Squash Risotto, Red Pepper Roasted Chicken, and Four Gates Chardonnay

We had no crowd this weekend so we went with a comfort food combination.  The Risotto was simple to prepare, but only after having failed many times prior.  I started making Risotto a couple of years back, but only the basic recipe – no extras.  Since then, I have tried to add in squash, mushrooms, etc.  Also, I never finish it with cheese, mostly because I dislike cooked cheese, but also because we normally eat the Risotto for Friday night dinner with some meat.  So I started adding in extras like raw squash and the problems started cropping up.  First the vegetables were more than just andante, or the final product was too watery.  I finally figured out that if I add in squash I should do it on the third round and keep stirring it, and NOT adding in any extra hot liquid, until the added ingredient is cooked to my liking.  First of all the ingredient – in our case butternut squash, will give off liquid as it sweats in the rice and it will cook as it sweats.  So by cooking it to the amount I want, it leeches out liquid and the Risotto does not get mushy at the end.

Now the next complication, how do I reheat the Risotto for Friday Night dinner?  The answer do not fully cook through the Risotto prior to Friday Night and then finish it with a cup or hot broth and throw it in the oven to heat up for Friday Night Dinner.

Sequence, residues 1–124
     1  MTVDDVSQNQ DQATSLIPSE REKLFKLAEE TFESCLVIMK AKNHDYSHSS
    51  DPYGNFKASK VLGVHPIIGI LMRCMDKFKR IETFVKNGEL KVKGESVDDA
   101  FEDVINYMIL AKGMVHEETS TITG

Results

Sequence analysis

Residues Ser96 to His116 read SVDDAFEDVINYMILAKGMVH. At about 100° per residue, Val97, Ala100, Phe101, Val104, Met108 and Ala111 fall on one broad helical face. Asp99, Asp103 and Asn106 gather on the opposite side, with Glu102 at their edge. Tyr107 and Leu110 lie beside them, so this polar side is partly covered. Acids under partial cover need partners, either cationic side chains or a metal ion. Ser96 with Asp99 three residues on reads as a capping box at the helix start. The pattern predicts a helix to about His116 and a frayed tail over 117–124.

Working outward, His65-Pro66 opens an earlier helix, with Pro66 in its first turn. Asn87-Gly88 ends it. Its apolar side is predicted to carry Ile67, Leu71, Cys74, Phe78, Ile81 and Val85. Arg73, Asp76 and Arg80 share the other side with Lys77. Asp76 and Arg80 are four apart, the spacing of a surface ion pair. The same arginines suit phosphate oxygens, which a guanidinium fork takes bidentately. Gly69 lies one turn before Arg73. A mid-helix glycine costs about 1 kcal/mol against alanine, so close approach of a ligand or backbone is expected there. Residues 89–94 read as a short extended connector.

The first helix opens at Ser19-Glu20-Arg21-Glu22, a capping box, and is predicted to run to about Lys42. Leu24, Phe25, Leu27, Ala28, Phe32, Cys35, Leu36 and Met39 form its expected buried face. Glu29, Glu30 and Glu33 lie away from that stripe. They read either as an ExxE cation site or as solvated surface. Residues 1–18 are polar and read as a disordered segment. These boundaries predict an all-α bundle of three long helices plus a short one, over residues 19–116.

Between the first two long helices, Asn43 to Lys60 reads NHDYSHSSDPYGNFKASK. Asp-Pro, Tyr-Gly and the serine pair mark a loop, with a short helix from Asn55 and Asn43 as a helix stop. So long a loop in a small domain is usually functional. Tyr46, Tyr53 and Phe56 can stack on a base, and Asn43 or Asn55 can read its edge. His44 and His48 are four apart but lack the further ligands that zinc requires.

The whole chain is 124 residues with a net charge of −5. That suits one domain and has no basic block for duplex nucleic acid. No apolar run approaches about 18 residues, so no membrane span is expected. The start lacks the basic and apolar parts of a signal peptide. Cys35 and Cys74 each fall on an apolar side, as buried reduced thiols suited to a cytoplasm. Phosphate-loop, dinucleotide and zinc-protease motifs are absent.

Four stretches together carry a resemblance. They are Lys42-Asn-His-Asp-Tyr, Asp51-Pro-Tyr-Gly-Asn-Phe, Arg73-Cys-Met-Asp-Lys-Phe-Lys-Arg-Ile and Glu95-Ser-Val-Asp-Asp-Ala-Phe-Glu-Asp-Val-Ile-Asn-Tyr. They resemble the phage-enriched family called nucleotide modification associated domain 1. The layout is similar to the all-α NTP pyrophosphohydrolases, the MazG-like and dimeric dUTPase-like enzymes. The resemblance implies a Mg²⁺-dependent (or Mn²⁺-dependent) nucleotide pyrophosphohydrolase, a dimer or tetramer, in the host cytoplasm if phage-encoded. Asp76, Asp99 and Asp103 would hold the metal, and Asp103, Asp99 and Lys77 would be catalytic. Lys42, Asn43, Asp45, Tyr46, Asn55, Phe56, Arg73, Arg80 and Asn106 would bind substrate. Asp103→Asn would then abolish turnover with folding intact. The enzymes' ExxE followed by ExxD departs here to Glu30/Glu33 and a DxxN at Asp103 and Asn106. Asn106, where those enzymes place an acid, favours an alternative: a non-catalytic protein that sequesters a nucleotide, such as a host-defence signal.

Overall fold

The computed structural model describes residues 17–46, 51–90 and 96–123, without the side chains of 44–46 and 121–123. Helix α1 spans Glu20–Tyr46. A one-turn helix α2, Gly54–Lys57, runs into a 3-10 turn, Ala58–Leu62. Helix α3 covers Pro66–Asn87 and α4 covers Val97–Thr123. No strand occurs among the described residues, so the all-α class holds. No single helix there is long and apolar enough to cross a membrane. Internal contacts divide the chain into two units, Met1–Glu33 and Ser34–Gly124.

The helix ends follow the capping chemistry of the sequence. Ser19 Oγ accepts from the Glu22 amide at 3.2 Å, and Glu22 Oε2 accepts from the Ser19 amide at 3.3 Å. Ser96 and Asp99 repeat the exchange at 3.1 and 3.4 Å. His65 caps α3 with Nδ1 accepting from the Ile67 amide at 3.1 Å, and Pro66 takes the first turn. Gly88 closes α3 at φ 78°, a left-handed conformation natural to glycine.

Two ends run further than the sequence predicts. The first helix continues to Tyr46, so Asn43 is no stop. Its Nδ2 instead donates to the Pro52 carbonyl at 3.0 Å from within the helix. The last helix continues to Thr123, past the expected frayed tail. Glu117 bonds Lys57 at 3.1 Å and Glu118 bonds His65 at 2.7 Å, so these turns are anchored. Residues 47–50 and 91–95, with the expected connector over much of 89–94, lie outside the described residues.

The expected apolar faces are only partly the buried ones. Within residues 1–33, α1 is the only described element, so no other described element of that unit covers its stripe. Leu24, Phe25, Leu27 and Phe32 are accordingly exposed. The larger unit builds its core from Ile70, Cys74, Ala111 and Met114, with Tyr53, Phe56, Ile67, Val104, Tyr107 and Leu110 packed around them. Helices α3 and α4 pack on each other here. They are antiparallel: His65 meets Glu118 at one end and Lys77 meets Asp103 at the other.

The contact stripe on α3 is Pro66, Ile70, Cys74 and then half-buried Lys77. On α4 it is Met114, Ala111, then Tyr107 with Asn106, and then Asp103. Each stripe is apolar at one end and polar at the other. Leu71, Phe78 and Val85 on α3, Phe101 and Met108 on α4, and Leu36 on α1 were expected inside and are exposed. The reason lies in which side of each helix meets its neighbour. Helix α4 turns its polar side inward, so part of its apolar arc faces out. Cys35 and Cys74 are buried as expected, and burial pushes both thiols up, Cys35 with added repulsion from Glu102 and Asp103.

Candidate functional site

This week my wife made a killer Roasted Chicken, as usual, and the pair was great.  They hit the spot for comfort food and tasted great to boot.  To pair the two foods, I went with Four gates Chardonnay 2000.  It is now at its peak or just over it and is time to drink up.

The wine notes follow below:

Four Gates Chardonnay 2000 – Score: B+
See notes from a previous blog.  Just to add to these notes.  The Chardonnay was great in the evening still fruity and light on oak. However, the leftovers transformed quite shockingly into a medium to full bodied chardonnay that was redolent in oak and the mouth was also packed with oak. Crazy, because the wine was not overoaked at all. Anyway, fun either way. The oak was spicy and smoky.

Posted on November 21, 2008, in Food and drink, Kosher White Wine, Wine and tagged , . Bookmark the permalink. Leave a comment.

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